Original leaders encourage initiative and therefore promote and develop new ideas. By embracing dynamic thoughts in their field, businesses spearheaded by these kinds of leaders, are often at the forefront of their industries.

Original and inventive businesses are extremely attractive to potential employees, and therefore they are constantly growing and developing with new and excited staff coming on board. For example, in a survey of millennials by Deloitte, 78% consider the company’s innovation when deciding if they want to work there.

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An approach that embraces employee innovation can be seen as demonstrated in this quote by Nadav Shoval, serial entrepreneur and CEO of Spot.IM:

“I acknowledge my employees’ strengths by giving them the independence to do what they do best. They are well-aware of the fact that I hired them specifically because I believe in their abilities to do their job even better than I could. As a result, I present the employees with our vision, and give them the freedom to achieve it through whatever means best suits them. This strategy empowers them, strengthens their problem solving skills, and allows them to take ownership of their positions. Best of all, the final product that comes out as a result never ceases to amaze me.”

5. They Lead by Example 

Strong and effective leadership does not have to involve the kind of hard personalities and demanding expectations associated with old-school tycoons and business magnates.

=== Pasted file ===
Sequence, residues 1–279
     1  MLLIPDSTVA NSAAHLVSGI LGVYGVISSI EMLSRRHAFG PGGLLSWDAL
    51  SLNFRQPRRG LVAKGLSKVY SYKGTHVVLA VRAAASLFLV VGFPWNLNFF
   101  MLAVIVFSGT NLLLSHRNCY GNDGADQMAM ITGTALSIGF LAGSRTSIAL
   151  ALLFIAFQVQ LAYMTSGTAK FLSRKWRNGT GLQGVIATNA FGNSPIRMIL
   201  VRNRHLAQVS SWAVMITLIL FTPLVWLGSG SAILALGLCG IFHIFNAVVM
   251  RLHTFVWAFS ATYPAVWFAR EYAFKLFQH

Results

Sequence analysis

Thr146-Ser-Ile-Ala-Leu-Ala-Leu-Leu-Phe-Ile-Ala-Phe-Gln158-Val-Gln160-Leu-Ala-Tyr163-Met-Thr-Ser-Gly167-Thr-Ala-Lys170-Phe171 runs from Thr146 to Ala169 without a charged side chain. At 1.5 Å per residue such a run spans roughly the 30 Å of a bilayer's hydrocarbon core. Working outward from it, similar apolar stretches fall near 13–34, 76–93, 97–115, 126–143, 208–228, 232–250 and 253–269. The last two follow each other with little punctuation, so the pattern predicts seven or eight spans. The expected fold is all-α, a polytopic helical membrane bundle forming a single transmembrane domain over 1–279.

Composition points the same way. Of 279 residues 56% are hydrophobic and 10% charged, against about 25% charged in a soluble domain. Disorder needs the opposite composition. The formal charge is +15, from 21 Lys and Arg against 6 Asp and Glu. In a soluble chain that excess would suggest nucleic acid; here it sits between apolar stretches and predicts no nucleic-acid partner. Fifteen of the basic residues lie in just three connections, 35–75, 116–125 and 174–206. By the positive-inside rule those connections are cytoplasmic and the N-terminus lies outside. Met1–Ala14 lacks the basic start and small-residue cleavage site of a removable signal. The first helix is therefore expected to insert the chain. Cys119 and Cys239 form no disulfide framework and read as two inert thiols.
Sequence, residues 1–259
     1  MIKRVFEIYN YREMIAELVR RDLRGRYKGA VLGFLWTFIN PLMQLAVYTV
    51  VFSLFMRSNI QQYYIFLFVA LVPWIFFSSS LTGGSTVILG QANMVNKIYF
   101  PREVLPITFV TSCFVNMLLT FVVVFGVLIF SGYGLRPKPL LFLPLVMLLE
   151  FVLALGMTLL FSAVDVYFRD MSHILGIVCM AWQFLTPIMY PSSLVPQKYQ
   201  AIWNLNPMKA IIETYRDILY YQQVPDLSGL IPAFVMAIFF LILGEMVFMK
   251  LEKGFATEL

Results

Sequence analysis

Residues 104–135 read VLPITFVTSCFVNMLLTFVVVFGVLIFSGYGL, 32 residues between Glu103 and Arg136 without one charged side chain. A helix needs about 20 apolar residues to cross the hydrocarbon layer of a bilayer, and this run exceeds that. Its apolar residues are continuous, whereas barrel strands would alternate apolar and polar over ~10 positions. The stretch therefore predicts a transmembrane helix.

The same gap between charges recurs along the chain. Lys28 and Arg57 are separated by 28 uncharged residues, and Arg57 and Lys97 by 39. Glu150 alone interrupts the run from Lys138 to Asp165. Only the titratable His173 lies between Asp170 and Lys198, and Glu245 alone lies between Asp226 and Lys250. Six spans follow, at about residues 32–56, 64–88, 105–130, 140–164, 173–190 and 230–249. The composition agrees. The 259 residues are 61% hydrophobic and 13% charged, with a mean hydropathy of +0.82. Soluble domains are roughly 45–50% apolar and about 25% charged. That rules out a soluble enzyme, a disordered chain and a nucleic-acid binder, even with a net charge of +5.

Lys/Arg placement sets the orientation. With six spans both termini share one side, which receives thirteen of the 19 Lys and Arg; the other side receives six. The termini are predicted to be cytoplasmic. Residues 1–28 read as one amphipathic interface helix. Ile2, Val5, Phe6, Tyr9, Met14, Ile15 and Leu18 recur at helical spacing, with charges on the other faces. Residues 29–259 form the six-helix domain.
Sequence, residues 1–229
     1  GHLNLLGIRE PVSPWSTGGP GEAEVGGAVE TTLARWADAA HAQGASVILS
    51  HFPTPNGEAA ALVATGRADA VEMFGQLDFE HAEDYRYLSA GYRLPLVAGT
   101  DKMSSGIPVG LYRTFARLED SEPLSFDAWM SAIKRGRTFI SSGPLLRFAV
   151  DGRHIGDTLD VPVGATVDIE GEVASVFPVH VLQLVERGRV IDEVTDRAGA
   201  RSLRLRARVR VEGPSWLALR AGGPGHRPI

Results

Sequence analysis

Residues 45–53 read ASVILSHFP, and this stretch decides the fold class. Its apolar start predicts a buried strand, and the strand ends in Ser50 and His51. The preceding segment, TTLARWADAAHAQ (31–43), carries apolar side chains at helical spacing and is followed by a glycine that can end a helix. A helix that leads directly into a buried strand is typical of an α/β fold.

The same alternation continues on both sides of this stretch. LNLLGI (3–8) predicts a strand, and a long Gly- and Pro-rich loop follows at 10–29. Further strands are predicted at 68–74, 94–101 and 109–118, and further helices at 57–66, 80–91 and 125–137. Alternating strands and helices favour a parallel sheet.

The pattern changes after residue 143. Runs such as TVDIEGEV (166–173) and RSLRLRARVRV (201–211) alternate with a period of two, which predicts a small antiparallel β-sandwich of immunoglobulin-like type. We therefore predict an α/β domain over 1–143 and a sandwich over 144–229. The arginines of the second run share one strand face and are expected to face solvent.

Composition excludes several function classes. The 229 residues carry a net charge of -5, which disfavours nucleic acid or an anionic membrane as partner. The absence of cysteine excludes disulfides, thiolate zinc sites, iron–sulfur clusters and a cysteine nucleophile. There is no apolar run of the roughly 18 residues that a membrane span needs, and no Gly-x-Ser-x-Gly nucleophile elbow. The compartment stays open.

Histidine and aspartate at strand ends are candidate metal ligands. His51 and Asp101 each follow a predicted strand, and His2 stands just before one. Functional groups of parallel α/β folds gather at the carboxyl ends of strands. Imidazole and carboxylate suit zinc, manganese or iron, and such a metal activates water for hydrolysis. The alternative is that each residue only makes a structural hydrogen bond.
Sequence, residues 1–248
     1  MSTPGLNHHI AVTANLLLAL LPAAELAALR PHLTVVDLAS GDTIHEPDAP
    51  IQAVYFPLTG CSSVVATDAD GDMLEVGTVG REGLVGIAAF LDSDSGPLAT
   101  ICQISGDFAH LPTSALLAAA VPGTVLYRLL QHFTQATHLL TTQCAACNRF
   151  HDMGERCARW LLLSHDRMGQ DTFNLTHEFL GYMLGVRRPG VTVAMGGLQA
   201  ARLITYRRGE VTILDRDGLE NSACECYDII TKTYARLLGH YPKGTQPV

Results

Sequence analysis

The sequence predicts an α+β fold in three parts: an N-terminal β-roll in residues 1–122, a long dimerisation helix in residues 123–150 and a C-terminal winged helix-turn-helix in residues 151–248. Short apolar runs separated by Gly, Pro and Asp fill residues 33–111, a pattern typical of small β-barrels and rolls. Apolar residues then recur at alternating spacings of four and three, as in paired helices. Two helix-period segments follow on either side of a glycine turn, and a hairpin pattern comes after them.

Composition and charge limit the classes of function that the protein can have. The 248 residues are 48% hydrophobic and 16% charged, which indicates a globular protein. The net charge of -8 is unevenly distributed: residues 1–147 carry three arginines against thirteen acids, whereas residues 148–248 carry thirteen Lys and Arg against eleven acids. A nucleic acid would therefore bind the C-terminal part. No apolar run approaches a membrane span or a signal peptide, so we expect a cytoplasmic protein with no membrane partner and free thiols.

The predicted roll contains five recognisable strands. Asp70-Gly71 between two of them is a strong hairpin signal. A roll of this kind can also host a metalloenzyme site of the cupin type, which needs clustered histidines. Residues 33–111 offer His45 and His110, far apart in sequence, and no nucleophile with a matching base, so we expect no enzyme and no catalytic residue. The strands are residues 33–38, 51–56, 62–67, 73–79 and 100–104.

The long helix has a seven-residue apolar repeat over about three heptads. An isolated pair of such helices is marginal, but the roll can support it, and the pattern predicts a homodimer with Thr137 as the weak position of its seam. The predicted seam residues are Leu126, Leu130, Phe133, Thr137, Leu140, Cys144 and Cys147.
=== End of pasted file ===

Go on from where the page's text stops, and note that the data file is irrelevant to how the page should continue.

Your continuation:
Managers who lead by example generally foster an environment of commitment and loyalty resulting in unity and and collaboration. These kinds of bosses also don’t mind working just as hard as their employees do- and they always practice what they preach.

Is your boss nice or tough? Are you a friendly boss? We would love to hear about it in the comments.

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Yoav Vilner

CEO at Ranky

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Published on September 18, 2018

17 Proven Tactics for Motivating Employees and Building a Stronger Team

17 Proven Tactics for Motivating Employees and Building a Stronger Team

Have there been instances when you noted a drop in your team’s productivity or observed a behavioral change in someone who used to be an excellent performer?

Before you blame the team for not being motivated enough or worse still, choose to ignore these warning signs, look inwards and ask yourself if YOU are doing enough to keep your team motivated in the first place.

Motivating employees is extremely crucial. As the leader of the pack, it is your responsibility to ensure each and every member of your team feels valued, driven and motivated.

After all, you cannot expect a bunch of disengaged and demotivated people to deliver results and grow your business, can you?

Here are 17 surefire tactics for motivating your employees and building a productive team:

1. Show your appreciation

In the whole race to achieve external business goals, leaders often forget to value their most important assets — their employees.

The least you can do to boost performance and morale is to appreciate your employees, recognize their efforts and give them credit when it is due.

Whether it’s sending a personalized note, recognizing achievements publicly during team huddles or even rewarding top performers at the end of every month, you will be surprised to see how these small acts of appreciation can go a long way.

2. Communicate effectively

Effective communication can do wonders in motivating employees. Who is a strong communicator? Someone who knows what they are talking about and are able to convey their message accurately.

Communication is a lot more than just language and talking. Factors such as eye contact, active listening, hand gestures and postures also say a lot about a person’s communication skills.

3. Be open to dialogue

Gone are the days when leading through fear and putting on the tough, distant leader act would work.